fearless francophone paved a path to the klondike

Credited with being the first white woman to travel over the Chilkoot Pass, Emilie Tremblay literally had to hike up her heavy skirts and follow the…

Credited with being the first white woman to travel over the Chilkoot Pass, Emilie Tremblay literally had to hike up her heavy skirts and follow the trail to go down in Yukon history.

Born in Quebec in 1872, Emilie Tremblay (nee Fortin) was 15 when her family moved to New York. While there she met and married Pierre-Nolasque (Jack) Tremblay and they took the 8,000-kilometre journey to Fortymile in 1894.

She was the first white woman to cross the Chilkoot Pass, according to one history.

“I walked, I rode, I slept under the beautiful stars and under the rain, in little camps in tents, on beds of tree branches … but I cannot tell you that I was ever unhappy,” wrote Emilie.

The couple settled at Miller Creek where Emilie was the only woman.

Their small cabin had been previously occupied by her husband and a group of miners. Conditions were far from luxurious. The walls supported bunks where the men slept and in the centre of the room was a black pile of spit.

“The men, tired from working on their claim, would lie in their bunks and spit at the post in the centre of the room,” Yukon historian Michael Gates wrote in his book Gold at Fortymile Creek. “Tremblay took a shovel and started her clean-up at the centre of the room and, in the following days, cleaned it from top to bottom.”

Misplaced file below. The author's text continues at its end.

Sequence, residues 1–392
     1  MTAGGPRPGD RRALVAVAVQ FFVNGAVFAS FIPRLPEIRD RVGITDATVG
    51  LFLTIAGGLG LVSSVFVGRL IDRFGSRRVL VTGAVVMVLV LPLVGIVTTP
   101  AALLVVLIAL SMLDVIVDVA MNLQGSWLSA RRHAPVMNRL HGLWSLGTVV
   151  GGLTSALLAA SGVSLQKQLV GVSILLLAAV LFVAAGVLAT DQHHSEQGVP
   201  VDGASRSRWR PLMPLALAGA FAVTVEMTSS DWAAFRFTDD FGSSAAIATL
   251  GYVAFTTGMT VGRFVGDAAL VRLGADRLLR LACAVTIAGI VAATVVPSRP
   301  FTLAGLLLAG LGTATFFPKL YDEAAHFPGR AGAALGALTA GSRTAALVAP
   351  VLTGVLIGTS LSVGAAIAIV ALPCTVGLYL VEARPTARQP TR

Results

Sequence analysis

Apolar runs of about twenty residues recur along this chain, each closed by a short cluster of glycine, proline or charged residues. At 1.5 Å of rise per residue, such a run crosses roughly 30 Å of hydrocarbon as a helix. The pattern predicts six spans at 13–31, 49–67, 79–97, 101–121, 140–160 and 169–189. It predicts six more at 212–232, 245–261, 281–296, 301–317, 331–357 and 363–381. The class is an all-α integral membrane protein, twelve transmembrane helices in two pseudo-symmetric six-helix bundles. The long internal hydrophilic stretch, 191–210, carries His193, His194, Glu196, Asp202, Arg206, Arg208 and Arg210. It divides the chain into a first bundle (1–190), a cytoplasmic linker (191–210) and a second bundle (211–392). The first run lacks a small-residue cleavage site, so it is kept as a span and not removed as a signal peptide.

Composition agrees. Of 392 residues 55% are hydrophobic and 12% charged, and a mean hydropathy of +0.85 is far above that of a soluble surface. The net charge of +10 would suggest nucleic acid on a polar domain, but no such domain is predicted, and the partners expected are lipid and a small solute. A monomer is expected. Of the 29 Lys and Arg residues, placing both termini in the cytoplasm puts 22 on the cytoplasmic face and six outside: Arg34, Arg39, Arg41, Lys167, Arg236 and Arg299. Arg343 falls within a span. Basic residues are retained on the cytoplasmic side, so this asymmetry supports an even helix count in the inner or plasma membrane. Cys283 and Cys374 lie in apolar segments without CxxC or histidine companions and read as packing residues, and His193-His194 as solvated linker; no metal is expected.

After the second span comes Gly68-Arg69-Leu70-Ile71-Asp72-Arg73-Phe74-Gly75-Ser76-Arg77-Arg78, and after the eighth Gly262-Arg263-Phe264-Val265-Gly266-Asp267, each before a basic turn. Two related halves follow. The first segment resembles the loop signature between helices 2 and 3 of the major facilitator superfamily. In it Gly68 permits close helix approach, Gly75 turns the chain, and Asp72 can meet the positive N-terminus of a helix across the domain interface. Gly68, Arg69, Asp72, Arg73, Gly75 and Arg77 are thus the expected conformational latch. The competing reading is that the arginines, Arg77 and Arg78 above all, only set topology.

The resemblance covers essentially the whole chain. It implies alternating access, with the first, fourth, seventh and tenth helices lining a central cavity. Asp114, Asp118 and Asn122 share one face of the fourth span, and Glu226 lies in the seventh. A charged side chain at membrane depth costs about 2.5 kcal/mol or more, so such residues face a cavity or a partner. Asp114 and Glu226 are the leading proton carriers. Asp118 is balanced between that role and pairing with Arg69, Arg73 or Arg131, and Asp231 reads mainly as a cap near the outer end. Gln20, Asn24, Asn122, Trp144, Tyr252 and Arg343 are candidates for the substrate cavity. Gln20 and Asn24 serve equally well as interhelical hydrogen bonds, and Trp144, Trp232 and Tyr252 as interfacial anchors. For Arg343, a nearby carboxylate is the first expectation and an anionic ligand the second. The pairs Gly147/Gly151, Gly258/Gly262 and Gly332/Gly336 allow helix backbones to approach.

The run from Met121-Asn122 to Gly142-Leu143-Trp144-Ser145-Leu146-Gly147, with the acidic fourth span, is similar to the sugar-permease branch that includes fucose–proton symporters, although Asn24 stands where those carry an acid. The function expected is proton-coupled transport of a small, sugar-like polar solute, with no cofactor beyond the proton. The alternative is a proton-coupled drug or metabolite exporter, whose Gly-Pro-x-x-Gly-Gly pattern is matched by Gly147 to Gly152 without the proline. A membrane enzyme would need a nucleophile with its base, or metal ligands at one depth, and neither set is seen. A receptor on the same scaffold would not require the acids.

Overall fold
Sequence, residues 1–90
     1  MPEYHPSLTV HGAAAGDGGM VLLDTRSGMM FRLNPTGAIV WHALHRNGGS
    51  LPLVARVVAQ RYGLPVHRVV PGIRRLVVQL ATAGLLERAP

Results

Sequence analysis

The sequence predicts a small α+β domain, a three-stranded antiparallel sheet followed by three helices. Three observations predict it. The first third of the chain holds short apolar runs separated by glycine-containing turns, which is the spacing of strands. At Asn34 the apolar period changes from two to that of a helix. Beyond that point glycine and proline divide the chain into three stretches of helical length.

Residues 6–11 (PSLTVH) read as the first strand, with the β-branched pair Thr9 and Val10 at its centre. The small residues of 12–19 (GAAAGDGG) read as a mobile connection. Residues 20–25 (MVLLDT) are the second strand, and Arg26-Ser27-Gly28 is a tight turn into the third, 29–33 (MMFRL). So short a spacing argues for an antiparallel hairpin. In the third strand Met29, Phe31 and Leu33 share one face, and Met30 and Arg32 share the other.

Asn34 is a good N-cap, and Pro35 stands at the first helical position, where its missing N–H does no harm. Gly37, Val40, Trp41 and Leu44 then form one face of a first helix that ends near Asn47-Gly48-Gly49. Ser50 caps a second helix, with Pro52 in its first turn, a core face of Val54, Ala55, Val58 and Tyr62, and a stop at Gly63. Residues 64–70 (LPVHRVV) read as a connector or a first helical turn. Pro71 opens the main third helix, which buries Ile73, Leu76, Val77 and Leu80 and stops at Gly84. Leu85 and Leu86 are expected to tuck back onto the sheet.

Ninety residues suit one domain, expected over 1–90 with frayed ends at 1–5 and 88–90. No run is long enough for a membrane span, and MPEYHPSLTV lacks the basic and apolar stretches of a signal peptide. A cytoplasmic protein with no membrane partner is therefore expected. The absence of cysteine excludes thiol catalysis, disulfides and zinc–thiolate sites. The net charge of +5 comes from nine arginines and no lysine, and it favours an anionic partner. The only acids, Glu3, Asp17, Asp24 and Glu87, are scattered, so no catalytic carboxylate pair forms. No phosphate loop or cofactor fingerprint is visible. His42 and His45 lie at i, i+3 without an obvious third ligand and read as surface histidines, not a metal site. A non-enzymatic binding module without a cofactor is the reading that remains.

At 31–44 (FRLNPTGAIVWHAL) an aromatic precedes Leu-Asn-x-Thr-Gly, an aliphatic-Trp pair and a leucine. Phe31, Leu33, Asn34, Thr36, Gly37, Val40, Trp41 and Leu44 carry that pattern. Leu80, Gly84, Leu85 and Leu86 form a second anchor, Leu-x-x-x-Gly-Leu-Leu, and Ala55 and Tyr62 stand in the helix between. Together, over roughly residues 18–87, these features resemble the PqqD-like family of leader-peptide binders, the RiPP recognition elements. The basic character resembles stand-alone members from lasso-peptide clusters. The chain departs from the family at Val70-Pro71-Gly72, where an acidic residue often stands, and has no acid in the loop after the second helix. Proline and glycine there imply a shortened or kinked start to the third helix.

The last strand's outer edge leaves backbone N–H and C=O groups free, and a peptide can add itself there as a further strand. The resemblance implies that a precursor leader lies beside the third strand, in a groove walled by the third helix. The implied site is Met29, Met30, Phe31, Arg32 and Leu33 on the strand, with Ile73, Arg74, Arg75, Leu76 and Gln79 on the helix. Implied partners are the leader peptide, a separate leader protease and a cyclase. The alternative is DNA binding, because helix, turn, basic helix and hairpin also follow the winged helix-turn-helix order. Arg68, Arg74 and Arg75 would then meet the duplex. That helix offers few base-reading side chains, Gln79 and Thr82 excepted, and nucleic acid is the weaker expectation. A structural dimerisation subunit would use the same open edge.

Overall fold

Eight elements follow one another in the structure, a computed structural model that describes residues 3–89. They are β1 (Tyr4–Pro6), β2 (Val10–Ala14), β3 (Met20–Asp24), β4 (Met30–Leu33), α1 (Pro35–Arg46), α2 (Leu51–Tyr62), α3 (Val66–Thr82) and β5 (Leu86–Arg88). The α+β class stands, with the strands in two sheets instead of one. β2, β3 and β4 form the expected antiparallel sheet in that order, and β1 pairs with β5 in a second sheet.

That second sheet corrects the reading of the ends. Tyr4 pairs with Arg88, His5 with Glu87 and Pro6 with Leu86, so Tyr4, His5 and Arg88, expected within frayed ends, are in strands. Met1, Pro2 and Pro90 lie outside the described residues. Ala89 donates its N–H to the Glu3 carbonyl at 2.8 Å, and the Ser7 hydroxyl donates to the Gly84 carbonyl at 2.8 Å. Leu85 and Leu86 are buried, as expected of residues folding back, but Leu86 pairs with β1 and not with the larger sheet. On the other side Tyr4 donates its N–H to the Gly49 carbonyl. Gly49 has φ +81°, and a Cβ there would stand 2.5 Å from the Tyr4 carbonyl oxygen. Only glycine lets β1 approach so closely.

Emilie quickly became well known for an elaborate Christmas dinner she served to a group of hungry miners.

Because of Fortymile’s remote location, Emilie was lacking the amenities necessary to fix up a feast but she more than made do.

She sent out invitations scrawled on birch bark, guests brought their own utensils and an unused long skirt served as the tablecloth, according to Gates.

She served up a spread of rabbit, caribou, potatoes, sourdough bread and prune pudding. And, later on in the evening, a neighbour showed up with a bottle of rum that he had walked all the way to Fortymile to obtain.

In the spring of 1895, Emilie was joined by a friend: the French-Canadian wife of another miner that she had met in Juneau. Emilie planted a vegetable garden on the roof of their cabin to improve their diet.

At the end of the summer, the Tremblays returned to New York.

In 1898 the couple began their second trip to the Klondike, and ended up settling on Bonanza Creek where Jack prospected for gold.

Emilie spent her time keeping house, baptizing newborns and helping the wounded. She was godmother to 25 children and offered shelter to widows, missionaries and travellers.

They stayed at Bonanza until 1913, when they settled in Dawson and Emilie opened a novelty shop called the Madame Tremblay store.

A few years later, in 1922, Emilie founded the Ladies of the Golden North, and in 1927 she became president of Yukon Women Pioneers.

During the First World War, Emilie knit more than 250 pairs of socks for soldiers.

In 1935 Jack, known as the Grand Old Man of the Yukon passed away.

Emilie spent the following few years travelling, but returned to Dawson in 1940 and married Louis Lagrois at the age of 68.

Emilie spent the last years of her life in a retirement home in Victoria, British Columbia. She passed away in 1949 and age 77.

Today Ecole Emilie Tremblay is the only school in the Yukon that offers students complete French immersion classes from kindergarten to Grade 12.

This column is provided by the MacBride Museum of Yukon History. Each week it will explore a different morsel of Yukon’s modern history. For more information, or to comment on anything in this column e-mail lchalykoff@macbridemuseum.com.

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